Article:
Policy Aims to Increase Student Punctuality

By Rachel Davis

A new tardy policy inspired by other schools in the district was introduced to students on Oct. 3. The policy aims to encourage on-time class readiness by the usage of discipline to motivate students to make sure they are in their classes by the time the bell rings. The policy became official on Monday, Oct. 10.

“Good attendance is necessary for success and safety in school,” the official proposal states. “The expectation is that students are on time to each class. ‘On-time’ is in a seat, ready to learn when the bell rings. Students who are late to class without a pass from another teacher or the office will receive corresponding consequences for tardiness.”

The policy was officially announced by Principal Greg Schellenberg on Sept. 30 in a video played during students’ PASS classes. Schellenberg explained that it has been years since an official tardy policy was in place and enforced due to the constant changes and unpredictability of the COVID-19 pandemic. 

“I look back to last year when we opened up with a heartfelt feeling that we have all been through a lot,” Schellenberg said in the video. “Let’s welcome students in, ‘it’s okay that you’re late to class.’ That feeling went through most of the first semester and then things began to shift.”

Throughout last year, more students began showing up to their classes significantly late, according to attendance official data. This caused disruptions, as teachers dealt with tardy students in their respective ways. 

“The goal of this policy is to eliminate any missed class time,” attendance secretary Cheryl Sadler said. “If the student is late, they are supposed to sign in at the main office. It’s how it always has been. But it tended to cause a problem where the student would have to spend more time walking to the office to get a pass, wait in line, and then go back to their classroom.”

The policy implements new methods to mark a student tardy in a way that will get them into class the quickest. Instead of making a student walk to the attendance office to get a pass, they will walk to one of the teachers handing out tardy passes in that hallway. The teacher will then mark down the student’s first and last name and ask why they were late. Once the student receives the pass, they can enter their classroom. This will apply to every tardy student unless the student has a pass from a teacher or the office, or if the student is more than 10 minutes late to class.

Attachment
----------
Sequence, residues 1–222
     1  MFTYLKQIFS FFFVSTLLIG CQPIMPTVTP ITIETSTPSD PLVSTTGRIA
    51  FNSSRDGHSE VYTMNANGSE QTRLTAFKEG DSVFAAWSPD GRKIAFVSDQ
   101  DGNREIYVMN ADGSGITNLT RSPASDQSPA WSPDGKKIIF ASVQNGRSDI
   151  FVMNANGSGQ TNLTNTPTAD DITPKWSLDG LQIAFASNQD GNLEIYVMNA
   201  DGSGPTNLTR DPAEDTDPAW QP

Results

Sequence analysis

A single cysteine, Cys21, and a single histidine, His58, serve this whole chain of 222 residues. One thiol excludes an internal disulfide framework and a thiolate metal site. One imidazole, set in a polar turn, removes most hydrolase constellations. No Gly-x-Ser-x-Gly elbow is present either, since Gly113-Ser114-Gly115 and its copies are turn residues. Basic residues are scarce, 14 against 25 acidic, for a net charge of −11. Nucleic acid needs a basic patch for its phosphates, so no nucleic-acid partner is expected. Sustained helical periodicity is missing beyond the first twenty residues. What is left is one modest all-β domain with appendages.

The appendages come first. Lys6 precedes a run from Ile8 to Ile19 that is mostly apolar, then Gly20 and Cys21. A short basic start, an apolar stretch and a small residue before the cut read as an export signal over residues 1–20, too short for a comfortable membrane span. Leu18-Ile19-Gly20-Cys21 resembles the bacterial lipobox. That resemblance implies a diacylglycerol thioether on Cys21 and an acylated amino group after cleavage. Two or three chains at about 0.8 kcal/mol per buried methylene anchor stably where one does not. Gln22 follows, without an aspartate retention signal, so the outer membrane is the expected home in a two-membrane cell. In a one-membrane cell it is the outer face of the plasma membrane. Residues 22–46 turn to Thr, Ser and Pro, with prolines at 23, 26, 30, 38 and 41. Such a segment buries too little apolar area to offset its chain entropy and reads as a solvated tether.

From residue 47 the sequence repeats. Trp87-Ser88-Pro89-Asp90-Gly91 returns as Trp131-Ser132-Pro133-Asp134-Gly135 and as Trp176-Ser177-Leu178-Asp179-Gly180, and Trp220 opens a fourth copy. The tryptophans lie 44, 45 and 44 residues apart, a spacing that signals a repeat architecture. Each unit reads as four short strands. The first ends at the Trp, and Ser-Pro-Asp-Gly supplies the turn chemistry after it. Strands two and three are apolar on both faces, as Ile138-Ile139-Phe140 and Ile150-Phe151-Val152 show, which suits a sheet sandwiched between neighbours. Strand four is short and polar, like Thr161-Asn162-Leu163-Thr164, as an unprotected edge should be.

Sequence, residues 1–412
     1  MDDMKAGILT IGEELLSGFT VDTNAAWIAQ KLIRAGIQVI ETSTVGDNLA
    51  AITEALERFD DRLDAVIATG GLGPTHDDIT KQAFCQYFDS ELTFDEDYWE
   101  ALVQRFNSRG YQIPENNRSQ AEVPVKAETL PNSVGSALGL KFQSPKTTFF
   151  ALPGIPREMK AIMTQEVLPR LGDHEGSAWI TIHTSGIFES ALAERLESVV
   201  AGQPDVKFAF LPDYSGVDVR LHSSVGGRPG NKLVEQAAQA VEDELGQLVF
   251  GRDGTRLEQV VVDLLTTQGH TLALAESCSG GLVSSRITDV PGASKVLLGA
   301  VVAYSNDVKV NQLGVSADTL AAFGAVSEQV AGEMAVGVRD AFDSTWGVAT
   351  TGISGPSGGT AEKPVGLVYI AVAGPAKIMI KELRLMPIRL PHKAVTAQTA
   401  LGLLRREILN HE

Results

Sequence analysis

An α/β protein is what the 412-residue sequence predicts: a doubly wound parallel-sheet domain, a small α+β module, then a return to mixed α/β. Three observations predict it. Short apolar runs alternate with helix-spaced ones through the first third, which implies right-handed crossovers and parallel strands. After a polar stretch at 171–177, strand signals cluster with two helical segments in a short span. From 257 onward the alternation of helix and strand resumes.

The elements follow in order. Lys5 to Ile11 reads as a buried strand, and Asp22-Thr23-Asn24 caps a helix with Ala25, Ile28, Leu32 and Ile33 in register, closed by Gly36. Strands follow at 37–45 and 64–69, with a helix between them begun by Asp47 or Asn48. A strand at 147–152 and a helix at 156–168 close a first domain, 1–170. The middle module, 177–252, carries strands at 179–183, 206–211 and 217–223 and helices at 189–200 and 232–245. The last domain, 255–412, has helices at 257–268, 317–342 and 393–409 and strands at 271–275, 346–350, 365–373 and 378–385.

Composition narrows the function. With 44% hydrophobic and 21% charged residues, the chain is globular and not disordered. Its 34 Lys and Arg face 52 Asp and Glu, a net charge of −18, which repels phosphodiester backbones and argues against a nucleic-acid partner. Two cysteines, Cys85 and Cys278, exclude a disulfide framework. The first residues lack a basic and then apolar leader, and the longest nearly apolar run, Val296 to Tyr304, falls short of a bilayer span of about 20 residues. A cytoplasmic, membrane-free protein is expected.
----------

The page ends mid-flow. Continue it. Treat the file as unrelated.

A couple of teachers each day will monitor their respective hallway for the first three to five minutes of their planning period. After 10 minutes, they no longer have that responsibility and will begin their typical activities in their planning. 

The first tardy a student receives will result in a warning and the tardy will be marked in Skyward. On the second and subsequent tardy, an attendance referral will be marked in Skyward and the student will be assigned lunch detention as well as a meeting with an administrator.

This policy aims to solve multiple problems. To start, individual teachers no longer have to worry about pausing their lesson to mark a student tardy. Instead, the attendance office will receive all of the names from the hall monitors. Students can quickly enter class without making an extra trip to the office. Additionally, there is a standard set for the whole school so tardy policies don’t vary between teachers. 

“Similar policies in other schools have been very successful and have shown a significant decrease of tardiness,” Sadler said. “No one is trying to punish students for being late to class. We have a responsibility to not only educate students, but also prepare them.” 

Even with the positive intent of the policy, some students have expressed concern about what these rules could evolve into. Some aspects of the policy have also created confusion regarding punishment and if it will remain a permanent policy. 

The week of Oct. 3 served as a pilot for the policy where no student was issued a lunch detention even after their second tardy.

“One thing to remember is that the teachers deserve respect. Tardiness doesn’t only affect the student, but also the teacher’s planning and their peers,” Sadler said. “We have a great staff who cares about their students and education. Remember that the goal is to help students to be successful.”